Foreword; Part I. Political Thought as History: 1. The history of political thought: a methodological enquiry; 2. Working on ideas in time; 3. Verbalizing a political act: towards a politics of speech; 4. Political ideas as historical events; political philosophers as historical actors; 5. The reconstruction of discourse: towards the historiography of political thought; 6. The concept of a language and the metier d'historien: some considerations on practice; 7. Texts as events: reflections on the history of political thought; 8. Quentin Skinner: the history of politics and the politics of history; Part II. History as Political Thought: 9. The origins of study of the past: a comparative approach; 10. Time, institutions and action: an essay on traditions and their understanding; 11. The historian as political actor in polity, society and academy; 12. The politics of history: the subaltern and the subversive; 13. The politics of historiography.
Selected essays of arguably the greatest and most influential historian of ideas of modern times.
Professor John Pocock, Honorary Fellow of St John's Cambridge, is the Harry C. Black Emeritus Professor of History at the Johns Hopkins University. His many seminal works on intellectual history include The Ancient Constitution and the Feudal Law (1957, second edition 1987), Politics, Language and Time (1971), The Machiavellian Moment (1975), and Virtue, Commerce and History (1985). He has edited The Political Works of James Harrington (1977) and Burke's Reflections on the Revolution in France (1987), as well as the collaborative study The Varieties of British Political Thought (1995). Professor Pocock is a Corresponding Fellow of the British Academy and of the Royal Historical Society, and a member of both the American Academy of Arts and Sciences and the American Philosophical Society.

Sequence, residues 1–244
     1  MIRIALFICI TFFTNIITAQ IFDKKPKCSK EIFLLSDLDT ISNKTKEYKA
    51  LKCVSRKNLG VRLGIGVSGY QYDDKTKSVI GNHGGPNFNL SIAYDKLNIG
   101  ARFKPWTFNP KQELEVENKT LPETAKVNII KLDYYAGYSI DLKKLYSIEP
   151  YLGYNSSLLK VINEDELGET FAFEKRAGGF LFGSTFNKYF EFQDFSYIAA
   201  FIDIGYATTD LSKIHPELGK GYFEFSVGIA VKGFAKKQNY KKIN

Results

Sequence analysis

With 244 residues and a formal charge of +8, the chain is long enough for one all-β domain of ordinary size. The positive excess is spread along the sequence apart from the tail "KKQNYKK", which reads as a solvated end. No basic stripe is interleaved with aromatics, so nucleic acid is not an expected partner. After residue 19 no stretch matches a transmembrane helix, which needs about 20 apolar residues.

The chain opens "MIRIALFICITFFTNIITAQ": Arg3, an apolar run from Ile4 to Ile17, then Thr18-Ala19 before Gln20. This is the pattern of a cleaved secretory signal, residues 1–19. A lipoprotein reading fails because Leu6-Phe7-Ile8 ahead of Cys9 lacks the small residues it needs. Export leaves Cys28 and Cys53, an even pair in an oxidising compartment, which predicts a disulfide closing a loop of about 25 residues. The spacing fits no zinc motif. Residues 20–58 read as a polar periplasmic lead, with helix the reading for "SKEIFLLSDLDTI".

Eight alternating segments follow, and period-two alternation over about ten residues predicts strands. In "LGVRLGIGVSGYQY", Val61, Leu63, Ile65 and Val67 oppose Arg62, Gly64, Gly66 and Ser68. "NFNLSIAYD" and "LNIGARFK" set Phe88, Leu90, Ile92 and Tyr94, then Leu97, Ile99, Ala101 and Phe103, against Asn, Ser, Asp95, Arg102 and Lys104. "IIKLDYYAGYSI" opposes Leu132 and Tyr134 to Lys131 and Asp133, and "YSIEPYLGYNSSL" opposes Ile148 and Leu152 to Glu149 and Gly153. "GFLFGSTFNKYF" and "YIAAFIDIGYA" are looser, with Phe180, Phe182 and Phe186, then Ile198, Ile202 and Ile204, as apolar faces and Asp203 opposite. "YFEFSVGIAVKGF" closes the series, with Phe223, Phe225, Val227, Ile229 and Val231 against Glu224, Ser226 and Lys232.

'Although his writing demands a great deal of concentration ... nowhere is it other than fresh, cogent and provocative. ... is usefully illustrative, and offers insights that all who aspire to the study of intellectual history (in its broadest sense) can heed.' English Historical Review